Not Lent yet – one last snark

I didn’t mean to snub everybody. I was on a ten-hour flight from San Francisco to London, and came home to find my that Internet Service Provider was down. Now it’s up, and so am I. Though it’s four a.m. Wednesday here, it’s Tuesday in California, British Columbia, Alaska and the Pacific. So it’s still Semana Snarka.

Thanks to everybody who sent in material to help me overcome my snarker’s block – in particular Snart, who emailed news that Madonna would like to be our next Martin Luther King, Jr., and Jeff, who sent this tidbit:

Paris Hilton attended Vienna’s Opera Ball last week with 74 year old construction worker Richard Lugner who was quick to defend his date’s honor: “Look, there are probably three or four nude photos of me, too, stashed away somewhere.” Paris said she would never do anything to sully the ball’s reputation “because I respect the institution of the Opera Ball too much.”

Great stuff. I was planning to write about it when I walked into the house and saw that the cat flap had been torn clean out of the door. I soon discovered why: through a series of miscues our dog had been locked inside all night and day, until he tried to jam his Labrador-sized body through a kitty-sized hole in a frantic attempt to get to a bush outside. No such luck. Cue my son: “Have you seen the rug in your bedroom?”

Here’s the best thing about jetlag. You’re so tired that nothing sinks in. We called the carpet cleaners and collapsed in front of the television to watch my son’s favorite show, Top Gear. For people who don’t know this BBC hit, it’s about cars. Technically it’s about reviewing the new Hondas, and Ferraris, but mostly it’s about speed, stunts and sarcasm. The presenters spend much of their time insulting bad cars, each other and, whenever possible, the French and Germans.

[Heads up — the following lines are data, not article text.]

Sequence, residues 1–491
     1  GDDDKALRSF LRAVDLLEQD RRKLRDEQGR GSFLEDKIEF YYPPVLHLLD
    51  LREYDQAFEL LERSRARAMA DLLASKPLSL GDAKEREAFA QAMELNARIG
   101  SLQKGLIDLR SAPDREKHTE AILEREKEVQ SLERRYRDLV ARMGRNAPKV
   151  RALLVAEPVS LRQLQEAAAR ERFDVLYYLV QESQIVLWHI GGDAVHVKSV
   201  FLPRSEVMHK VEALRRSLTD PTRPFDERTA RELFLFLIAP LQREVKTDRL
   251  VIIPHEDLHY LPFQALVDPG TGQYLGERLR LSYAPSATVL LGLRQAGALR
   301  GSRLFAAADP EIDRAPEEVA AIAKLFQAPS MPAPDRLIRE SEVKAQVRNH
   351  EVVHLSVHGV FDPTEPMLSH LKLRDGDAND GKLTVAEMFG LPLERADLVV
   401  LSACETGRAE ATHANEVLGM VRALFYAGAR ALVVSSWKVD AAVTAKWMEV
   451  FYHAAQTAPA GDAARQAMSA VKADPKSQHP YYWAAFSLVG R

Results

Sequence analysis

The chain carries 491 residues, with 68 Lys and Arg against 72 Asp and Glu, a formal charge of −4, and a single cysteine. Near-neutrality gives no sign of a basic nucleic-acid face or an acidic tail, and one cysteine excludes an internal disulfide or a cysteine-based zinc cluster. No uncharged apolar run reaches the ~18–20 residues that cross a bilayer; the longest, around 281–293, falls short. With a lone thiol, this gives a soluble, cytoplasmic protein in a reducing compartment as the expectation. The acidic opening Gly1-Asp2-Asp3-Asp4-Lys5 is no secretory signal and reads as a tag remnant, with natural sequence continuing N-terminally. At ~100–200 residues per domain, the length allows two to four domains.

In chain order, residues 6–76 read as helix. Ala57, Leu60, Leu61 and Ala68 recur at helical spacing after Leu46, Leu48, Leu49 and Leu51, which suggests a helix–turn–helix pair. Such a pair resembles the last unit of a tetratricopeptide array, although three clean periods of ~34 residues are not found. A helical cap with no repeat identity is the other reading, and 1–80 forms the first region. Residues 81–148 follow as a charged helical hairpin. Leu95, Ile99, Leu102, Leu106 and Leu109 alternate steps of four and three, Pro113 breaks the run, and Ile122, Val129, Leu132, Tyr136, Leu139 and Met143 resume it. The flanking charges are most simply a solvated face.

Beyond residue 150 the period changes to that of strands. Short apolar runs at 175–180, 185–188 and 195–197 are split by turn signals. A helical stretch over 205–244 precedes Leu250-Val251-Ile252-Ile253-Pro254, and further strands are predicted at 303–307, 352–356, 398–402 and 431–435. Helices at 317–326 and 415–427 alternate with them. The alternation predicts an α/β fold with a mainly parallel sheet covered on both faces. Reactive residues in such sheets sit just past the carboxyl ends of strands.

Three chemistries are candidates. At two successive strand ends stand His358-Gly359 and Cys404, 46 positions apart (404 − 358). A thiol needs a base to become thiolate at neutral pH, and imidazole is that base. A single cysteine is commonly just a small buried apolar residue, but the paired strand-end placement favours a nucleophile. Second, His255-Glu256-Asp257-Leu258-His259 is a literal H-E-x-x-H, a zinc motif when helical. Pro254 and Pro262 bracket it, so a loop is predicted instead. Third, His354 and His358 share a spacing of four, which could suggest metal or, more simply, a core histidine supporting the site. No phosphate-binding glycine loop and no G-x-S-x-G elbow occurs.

On this week’s episode, they bought some beat-up American cars and took a road trip from Miami to New Orleans. So I should have seen it coming. Host Jeremy Clarkson began the drive by saying, “Here’s all you need to know about America. Everybody is fat. Everybody is stupid. Everybody is rude.”

I’m required by British law to pay a license fee to fund the BBC. If I watch television without paying, I can be fined or go to jail. And this is what I get for my money? The episode made The Dukes of Hazzard look like Proust. My Labrador could come up with something less cliched than this. I’m expert at mocking American rubes, so I know. And of course, the show had to work its butt off to get anybody to be as rude as the hosts. Aiming for a sort of Borat-meets-Fear-Factor vibe, the highlight was a competition among the presenters. Their challenge: paint slogans on each other’s cars that would get them arrested or shot while crossing Alabama.

Cut to a segment that can only be called Chumming for Rednecks. After giggling about how it’s the South, and everybody’s Christians, we see the cars, covered in graffiti. “I’m bi.” “Man-love is the way.” “Hillary for president.” Okay, that’s funny. “Country-western music is rubbish.” They pull into a truck stop. The manager comes out. “What are you doing? This is a hick town.” She waves at the camera crew and at the car painted with “NASCAR sucks.” Clarkson insists he’s straight, and NASCAR does suck. The manager stomps away and calls out the hicks.